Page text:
As our leader carefully divides the cake in squares I hear, as clearly as if he were once again standing in front of me, the closing comment of a young psychologist in our previous training nine months before. A tough, pale, earnest, bearded young man, he had spoken with some formality: “I did not know what to expect when I came; these techniques, it seemed to me, were foreign to Gaza. But as I have been here these days I have been so impressed. You and your faculty are so knowledgeable and such good teachers, and I have learned so much about myself as well as psychology. But even more important” – I can hear again his voice lowering, more intimate now – “you have all been so kind to me and all the participants, have made us feel so much at ease. I believe,” – I knew he was getting ready to conclude, but never could have imagined what he would say – “that this is what it must have been like in the time of the Prophet Mohammed.”
Our leader hands us plates, and we eat our cake and savor each other’s company. There is general sadness at “concluding this blessed vacation with ourselves,” as one woman observes, to general agreement. But there are also commitments to “meditate daily” and “shake and dance with my children when we are feeling overwhelmed, or stressed.” Everyone expects to “start mind-body groups for patients on the first of the year.” There are promises all around to be in touch in the months ahead – in the supervision groups that Mohammed and the rest of our faculty will be leading every week throughout Gaza, and less formally too. Phone numbers are exchanged and a paper passed around for email addresses.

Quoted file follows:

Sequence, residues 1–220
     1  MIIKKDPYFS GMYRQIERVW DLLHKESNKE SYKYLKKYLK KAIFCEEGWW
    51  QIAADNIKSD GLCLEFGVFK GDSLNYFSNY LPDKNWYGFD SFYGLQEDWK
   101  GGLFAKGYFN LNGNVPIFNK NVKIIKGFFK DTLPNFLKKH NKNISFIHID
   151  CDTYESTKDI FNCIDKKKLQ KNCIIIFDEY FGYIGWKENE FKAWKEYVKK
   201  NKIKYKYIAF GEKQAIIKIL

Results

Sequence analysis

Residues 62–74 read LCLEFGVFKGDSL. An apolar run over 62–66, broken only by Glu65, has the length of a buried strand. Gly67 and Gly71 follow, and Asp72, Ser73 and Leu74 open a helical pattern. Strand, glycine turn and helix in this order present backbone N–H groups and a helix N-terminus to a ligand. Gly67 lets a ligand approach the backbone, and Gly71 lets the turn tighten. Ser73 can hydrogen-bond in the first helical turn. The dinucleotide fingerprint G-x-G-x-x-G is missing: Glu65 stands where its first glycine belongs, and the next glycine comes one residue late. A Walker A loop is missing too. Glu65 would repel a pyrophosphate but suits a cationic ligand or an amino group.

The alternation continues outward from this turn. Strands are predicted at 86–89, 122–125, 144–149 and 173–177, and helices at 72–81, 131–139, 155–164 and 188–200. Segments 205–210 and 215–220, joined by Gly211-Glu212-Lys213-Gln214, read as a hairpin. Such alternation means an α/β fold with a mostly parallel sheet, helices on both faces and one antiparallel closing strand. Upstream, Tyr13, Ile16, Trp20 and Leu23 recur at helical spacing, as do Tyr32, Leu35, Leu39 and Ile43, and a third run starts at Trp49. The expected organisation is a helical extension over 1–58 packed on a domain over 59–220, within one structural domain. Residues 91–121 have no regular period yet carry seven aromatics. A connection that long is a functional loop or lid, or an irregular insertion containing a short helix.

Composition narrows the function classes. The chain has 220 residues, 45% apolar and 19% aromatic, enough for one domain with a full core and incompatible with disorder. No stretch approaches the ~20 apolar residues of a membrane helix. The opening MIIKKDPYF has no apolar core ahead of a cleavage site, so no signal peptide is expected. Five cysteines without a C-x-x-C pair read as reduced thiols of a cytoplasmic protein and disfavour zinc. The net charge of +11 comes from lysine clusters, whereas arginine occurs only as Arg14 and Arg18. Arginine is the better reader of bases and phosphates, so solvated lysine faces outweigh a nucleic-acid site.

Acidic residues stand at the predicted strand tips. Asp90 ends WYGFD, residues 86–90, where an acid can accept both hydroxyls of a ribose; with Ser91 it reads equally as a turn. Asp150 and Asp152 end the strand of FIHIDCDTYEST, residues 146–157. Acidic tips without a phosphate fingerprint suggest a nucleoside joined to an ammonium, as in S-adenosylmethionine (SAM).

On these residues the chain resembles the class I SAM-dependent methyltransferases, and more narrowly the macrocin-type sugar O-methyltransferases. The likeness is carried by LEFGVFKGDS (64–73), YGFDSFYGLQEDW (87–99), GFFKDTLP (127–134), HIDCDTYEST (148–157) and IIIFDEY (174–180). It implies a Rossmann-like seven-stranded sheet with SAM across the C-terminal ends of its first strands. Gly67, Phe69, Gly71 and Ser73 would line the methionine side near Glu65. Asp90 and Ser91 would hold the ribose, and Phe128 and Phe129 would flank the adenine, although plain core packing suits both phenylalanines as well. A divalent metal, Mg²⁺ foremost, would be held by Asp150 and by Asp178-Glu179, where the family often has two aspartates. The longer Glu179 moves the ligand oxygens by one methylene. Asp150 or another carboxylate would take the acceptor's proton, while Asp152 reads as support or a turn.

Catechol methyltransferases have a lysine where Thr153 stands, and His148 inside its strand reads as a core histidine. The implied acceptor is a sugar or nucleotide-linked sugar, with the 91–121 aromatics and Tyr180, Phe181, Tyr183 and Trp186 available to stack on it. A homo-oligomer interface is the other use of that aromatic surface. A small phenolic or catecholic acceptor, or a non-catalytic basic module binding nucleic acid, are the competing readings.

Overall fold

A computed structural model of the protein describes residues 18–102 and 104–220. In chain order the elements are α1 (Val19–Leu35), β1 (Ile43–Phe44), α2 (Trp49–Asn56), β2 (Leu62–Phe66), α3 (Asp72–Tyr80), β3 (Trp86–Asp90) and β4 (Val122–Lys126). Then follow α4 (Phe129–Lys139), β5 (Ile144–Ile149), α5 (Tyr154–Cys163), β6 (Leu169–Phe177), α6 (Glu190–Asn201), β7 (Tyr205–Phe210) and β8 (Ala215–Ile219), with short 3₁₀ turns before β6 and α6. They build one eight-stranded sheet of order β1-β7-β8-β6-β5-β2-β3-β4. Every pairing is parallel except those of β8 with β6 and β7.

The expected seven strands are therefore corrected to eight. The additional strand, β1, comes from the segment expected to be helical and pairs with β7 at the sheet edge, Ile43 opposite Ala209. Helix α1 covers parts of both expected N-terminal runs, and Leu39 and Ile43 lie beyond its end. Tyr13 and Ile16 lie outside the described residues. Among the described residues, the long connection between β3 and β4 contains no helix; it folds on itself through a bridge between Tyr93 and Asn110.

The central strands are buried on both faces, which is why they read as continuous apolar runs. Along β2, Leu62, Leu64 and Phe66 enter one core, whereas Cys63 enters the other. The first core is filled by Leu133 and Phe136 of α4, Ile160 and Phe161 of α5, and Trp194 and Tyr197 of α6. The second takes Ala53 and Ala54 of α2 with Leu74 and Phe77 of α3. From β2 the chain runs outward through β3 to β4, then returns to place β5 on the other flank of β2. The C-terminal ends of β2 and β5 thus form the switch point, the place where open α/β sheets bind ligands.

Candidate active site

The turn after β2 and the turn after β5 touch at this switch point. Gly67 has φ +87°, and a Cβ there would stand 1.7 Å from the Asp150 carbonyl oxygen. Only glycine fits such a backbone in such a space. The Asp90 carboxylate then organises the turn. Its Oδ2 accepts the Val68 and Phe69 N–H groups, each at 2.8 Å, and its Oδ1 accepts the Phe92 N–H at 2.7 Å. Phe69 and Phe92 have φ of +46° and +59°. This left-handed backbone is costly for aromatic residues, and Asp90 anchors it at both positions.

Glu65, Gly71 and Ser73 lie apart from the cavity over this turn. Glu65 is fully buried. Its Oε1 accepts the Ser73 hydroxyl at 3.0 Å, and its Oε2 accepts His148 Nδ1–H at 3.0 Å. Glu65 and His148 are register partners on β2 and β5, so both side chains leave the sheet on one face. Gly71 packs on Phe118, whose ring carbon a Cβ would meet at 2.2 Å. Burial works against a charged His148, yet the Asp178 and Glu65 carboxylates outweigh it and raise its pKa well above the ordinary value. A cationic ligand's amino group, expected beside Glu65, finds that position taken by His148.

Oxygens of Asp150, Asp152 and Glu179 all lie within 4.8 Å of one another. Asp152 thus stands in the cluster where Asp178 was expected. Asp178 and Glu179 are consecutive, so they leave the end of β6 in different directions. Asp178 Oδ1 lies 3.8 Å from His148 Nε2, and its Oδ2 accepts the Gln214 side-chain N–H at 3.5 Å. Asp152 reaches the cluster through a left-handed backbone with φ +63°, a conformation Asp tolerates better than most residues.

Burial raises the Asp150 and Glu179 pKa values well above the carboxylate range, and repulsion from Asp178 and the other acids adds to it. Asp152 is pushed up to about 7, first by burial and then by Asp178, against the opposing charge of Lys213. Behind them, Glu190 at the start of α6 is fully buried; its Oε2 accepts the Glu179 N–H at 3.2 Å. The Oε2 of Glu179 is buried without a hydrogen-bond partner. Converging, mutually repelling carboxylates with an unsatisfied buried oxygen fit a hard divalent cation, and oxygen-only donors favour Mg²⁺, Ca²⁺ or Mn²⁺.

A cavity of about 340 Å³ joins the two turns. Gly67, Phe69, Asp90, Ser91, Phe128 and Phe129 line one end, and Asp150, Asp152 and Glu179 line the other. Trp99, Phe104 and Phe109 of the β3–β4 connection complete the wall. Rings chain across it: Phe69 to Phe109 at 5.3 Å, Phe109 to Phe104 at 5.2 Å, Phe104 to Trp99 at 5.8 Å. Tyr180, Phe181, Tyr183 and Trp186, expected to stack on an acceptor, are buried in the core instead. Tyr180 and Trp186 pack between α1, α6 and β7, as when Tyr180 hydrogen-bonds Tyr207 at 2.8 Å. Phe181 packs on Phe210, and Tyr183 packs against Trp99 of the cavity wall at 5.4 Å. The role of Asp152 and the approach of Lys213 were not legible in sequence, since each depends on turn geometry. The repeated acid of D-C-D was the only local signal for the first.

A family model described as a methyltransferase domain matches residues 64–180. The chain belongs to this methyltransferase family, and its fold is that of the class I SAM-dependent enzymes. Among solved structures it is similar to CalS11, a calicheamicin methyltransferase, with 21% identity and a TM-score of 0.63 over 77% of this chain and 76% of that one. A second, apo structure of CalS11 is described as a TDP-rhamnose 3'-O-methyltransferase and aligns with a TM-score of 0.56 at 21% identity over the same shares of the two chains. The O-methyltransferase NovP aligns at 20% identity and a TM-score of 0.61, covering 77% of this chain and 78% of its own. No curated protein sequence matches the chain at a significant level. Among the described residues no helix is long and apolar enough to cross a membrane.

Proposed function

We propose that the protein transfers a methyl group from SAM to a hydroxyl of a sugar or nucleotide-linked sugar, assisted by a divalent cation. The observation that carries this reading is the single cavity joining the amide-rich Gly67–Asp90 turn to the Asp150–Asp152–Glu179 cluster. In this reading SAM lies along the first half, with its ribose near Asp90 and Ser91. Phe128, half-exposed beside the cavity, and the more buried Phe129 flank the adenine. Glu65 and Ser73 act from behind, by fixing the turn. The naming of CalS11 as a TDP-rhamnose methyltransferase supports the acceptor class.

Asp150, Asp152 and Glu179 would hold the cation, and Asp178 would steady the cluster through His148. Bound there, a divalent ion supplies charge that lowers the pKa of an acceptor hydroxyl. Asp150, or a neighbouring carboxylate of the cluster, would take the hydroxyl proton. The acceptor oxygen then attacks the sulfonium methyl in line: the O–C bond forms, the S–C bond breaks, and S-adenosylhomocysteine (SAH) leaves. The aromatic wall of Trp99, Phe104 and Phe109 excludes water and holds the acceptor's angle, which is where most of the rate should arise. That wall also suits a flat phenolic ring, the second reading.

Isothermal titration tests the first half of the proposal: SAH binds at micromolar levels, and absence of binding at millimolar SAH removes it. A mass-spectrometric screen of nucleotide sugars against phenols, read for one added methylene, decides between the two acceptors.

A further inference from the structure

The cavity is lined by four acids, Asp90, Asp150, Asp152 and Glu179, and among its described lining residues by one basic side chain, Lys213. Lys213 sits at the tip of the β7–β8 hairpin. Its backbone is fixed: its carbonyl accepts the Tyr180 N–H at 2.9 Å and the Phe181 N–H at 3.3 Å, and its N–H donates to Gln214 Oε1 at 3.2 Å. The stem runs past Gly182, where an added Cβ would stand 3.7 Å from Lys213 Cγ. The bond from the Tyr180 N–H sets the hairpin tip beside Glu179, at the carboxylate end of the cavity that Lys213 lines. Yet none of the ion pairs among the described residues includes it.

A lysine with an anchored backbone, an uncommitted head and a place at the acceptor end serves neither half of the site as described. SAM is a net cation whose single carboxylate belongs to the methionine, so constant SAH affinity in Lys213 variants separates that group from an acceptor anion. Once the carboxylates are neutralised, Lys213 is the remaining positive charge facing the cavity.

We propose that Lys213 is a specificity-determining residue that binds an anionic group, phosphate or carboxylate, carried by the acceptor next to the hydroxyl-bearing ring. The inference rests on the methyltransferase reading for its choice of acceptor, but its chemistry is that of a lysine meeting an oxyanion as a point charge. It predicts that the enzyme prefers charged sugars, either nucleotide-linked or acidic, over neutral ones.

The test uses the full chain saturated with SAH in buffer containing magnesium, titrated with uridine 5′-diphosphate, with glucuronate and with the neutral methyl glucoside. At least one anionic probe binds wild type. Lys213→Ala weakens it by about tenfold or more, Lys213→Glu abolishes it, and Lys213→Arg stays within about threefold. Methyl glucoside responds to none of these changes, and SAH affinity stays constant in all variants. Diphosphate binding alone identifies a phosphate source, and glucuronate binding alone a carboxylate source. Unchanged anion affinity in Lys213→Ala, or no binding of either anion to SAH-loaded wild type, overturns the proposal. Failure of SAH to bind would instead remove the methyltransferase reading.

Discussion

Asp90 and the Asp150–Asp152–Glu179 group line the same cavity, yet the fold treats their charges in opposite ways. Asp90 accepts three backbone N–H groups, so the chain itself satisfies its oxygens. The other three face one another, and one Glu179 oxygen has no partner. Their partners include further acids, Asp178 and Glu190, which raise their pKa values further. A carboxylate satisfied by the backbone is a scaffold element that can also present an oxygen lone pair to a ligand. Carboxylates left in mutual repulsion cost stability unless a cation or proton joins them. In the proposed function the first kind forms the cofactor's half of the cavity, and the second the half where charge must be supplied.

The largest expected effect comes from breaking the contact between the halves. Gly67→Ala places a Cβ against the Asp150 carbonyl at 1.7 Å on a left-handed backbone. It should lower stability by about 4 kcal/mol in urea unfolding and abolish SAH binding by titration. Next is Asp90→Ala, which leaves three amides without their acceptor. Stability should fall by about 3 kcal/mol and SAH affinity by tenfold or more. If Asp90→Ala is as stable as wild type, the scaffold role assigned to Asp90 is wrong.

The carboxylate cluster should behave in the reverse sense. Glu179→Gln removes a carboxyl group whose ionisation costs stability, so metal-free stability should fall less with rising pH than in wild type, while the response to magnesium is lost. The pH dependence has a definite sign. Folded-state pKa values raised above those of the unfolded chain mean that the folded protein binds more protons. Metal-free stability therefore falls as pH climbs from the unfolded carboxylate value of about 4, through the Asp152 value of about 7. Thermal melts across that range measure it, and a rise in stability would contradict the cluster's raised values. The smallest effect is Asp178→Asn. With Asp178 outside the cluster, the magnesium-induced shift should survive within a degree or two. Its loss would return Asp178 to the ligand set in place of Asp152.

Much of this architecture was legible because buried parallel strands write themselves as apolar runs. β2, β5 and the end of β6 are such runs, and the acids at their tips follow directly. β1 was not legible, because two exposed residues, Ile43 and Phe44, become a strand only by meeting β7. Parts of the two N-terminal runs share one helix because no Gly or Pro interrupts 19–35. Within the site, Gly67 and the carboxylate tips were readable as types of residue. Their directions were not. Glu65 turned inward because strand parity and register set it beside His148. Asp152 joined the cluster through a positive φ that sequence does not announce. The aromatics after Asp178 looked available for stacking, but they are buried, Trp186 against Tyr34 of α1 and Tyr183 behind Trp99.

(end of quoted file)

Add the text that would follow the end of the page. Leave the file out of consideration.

And then our leader in her long coat and head scarf reaches over and turns on the CD player and stands and claps, and sways a little, while her young colleague in the sports coat, his collar open and tie now loosened, rises and steps to his right toward Mohammed and the other men, and begins the steps that will take them and me too, our arms on each others’ shoulders, in a small happy circle, around our room.
Gaza City, December 16, 2009
As the days pass, our participants discover and discuss new possibilities of psychophysiological self-regulation – breathing deeply to relax in spite of the anxious anticipation of leading a group for the first time, or to find a calm place from which to encounter memories of family members “martyred” by violence. They find in the creative imagination of guided imagery unexpected ease: “When I go to my imaginary ‘safe place’ I discover it is my home – I would not have believed it because we are close to the border and have often been shelled – and I thank God for my family and for seeing the green of the trees every day.”